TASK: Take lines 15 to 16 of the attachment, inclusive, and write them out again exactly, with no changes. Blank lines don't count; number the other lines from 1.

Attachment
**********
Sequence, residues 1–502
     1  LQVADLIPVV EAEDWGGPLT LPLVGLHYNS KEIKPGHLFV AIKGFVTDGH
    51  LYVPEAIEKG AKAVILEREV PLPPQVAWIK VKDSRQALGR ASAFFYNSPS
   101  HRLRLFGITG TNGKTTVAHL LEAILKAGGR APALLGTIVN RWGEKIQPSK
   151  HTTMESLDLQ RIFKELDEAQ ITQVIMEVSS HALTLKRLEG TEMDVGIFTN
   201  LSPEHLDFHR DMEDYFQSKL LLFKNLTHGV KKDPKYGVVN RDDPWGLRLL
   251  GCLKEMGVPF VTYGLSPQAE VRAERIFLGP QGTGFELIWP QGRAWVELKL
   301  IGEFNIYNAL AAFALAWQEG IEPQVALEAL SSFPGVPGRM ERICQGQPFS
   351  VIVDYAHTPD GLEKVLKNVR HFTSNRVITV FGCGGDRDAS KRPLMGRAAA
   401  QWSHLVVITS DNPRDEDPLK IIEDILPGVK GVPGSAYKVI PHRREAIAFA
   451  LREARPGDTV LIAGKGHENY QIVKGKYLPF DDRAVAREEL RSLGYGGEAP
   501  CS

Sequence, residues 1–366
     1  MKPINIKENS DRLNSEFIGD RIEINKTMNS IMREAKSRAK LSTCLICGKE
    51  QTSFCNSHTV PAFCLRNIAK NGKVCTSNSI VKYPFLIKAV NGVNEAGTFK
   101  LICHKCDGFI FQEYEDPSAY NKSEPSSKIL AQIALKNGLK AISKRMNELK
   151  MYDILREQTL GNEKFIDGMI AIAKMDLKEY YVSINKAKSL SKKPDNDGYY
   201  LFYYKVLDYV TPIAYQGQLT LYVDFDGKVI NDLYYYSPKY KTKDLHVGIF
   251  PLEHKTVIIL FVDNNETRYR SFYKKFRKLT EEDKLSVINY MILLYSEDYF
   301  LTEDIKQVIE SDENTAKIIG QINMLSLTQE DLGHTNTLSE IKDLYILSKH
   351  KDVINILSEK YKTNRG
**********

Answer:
    51  QTSFCNSHTV PAFCLRNIAK NGKVCTSNSI VKYPFLIKAV NGVNEAGTFK
   101  LICHKCDGFI FQEYEDPSAY NKSEPSSKIL AQIALKNGLK AISKRMNELK